Originally published in the October 2015 issue of Veterinary Practice News. Enjoyed this article? Then subscribe today!
It’s funny how much perspective time and experience bring. If there’s anything constant about veterinary medicine, it’s that it’s always changing. One of the areas of greatest change is in veterinary dentistry, not only in small animal medicine but also in horses.
Today, there seems to be a remarkable consensus that horses need occasional interventions in their mouths and frequent examination to make sure the teeth stay level, smooth, at precise occlusal angles and so forth.
I say “today” because it has not always been so. In fact, history gives some interesting perspective on the care of the horse’s mouth.
I believe two things. First, I don’t think people are smarter now than they ever were. They may know more, but they aren’t smarter. In fact, people who lived a long time ago were so smart that we keep talking about them: see Plato, Socrates, et al.
Second, I think they were much more closely associated with their horses than we are now. Whether it came to getting supplies, plowing the fields or running one of the nine kids to ballet lessons or soccer practice (well, maybe not that), in the past the horse was pretty valuable, and people lived with them and observed them closely.
So it may come as something of a surprise to learn that it wasn’t that long ago (relative to man’s association with horses) that people were not worried about the horse’s mouth being level and smooth at all. In a book that I republished, first printed in 1682 (“Snape’s Anatomy of An Horse”), Snape, the farrier to King Charles II, discussed how important it was for the horse’s teeth to be really sharp.
As everybody apparently knew at the time, smooth millstones don’t grind grain well, so you wanted to make sure that the horse’s teeth were sharp and pitted, so it could grind its grain.*
I say the consensus is “remarkable” because the scientific research has also been consistently unable to show any benefit for the horse in having its teeth floated. Several studies have failed to show that horses that get their teeth floated digest feed better, or gain weight better; one study has shown no difference in performance.
Nevertheless, in spite of the paucity of evidence, it’s remarkable that pretty much everyone agrees that leveling and smoothing the horse’s teeth is something that needs to be done, sometimes with curious senses of urgency and regularity.
My own dental practice has evolved from the use of hand floats, drawn eagerly and earnestly over the upper and lower arcades while attempting to hold onto the horse’s tongue, to the use of motorized equipment and medieval-looking dental speculums to ensure that each and every tooth is inspected and addressed for various points, edges, ramps, hooks, etc.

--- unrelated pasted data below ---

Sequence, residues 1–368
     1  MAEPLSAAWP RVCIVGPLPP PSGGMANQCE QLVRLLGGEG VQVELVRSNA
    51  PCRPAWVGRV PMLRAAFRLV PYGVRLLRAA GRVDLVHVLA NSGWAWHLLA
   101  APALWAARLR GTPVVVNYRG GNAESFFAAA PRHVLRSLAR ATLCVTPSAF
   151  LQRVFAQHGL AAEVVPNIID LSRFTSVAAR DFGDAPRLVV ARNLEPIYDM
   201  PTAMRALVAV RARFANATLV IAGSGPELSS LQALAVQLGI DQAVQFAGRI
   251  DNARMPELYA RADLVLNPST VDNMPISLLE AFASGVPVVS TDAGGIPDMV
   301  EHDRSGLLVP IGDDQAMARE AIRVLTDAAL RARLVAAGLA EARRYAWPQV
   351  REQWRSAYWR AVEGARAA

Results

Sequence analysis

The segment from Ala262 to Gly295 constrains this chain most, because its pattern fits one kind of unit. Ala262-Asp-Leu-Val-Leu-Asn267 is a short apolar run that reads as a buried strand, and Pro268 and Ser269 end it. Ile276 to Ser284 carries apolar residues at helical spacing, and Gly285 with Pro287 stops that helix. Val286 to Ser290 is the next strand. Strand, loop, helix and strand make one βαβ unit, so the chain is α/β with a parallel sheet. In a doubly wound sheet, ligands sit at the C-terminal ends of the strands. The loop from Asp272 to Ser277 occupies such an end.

I’ve buttressed my equipment (with which I can unquestionably do an easier job — easier for both me and the horse) with education, too, having attended seminars, lectures, wet labs and such. And, frankly, after all that I really can’t tell that all of my new expertise and equipment have made any difference for the long-term health and longevity of the horses in my care, many of whom are well into their 30s, and some of whom I’ve taken care of since birth.
Nevertheless, the demand for dental care in the horse seems to continue on, as does the relatively vocal controversies about who is best suited to provide it.
There seems to be no dearth of non-veterinarians who claim they are experts, and also that veterinarians don’t know how to take care of horse teeth and aren’t interested anyway. Top that off with a cadre of veterinarians who want only to take care of horse teeth and have their own firmly held opinions, and it’s pretty easy to see why one might just throw one’s hands up in the air and wonder what all the fuss is about.
But if you take care of horses — even part time — be reassured that if you have even a mild amount of interest in caring for the horse’s teeth, you can provide it with a relatively minimal amount of training and equipment. It’s a good service for your clients and their horses, and it’s a good way for you to demonstrate your expertise.
It’s not really difficult to sedate a horse, provide adequate restraint and perform routine dental maintenance. I think it’s a good practice-building opportunity, and I think that it builds confidence in clients that you not only care about their horses, but that you also know what you’re doing.
You’ll be able to identify real dental pathology when it occurs — and refer for treatment, if necessary. Finally, if you examine a horse’s mouth and tell your clients that everything’s OK— that you don’t need to do anything — it helps build confidence that, above all, you’re interested in the well-being of their horse.
No matter what kind of practice you have, showing your care and expertise for your clients’ animals is always a great way to go. Even though care of significant oral pathology can be a real challenge in horses, routine care generally is not.
It’s usually well worth taking an interest in building that aspect of your equine practice. You’ll be surprised what you can do!
* “Neither are the reft of the Grinding-teeth without fome hollownefs or at leaft roughnefs in their tops; but his is of a different nature from the other: which roughnefs or unevennefs is very neceffary, for by it they are made more fit for the comminution of the Meat: For as Millers when their Millftones are grown fmooth do pick them anew, to make them grind the better; fo hath Nature made the upper part of thefe Grinding-teeth, elegantly to imitate the rough fuperficies of a Millftone, having here and there formed little pits in them.”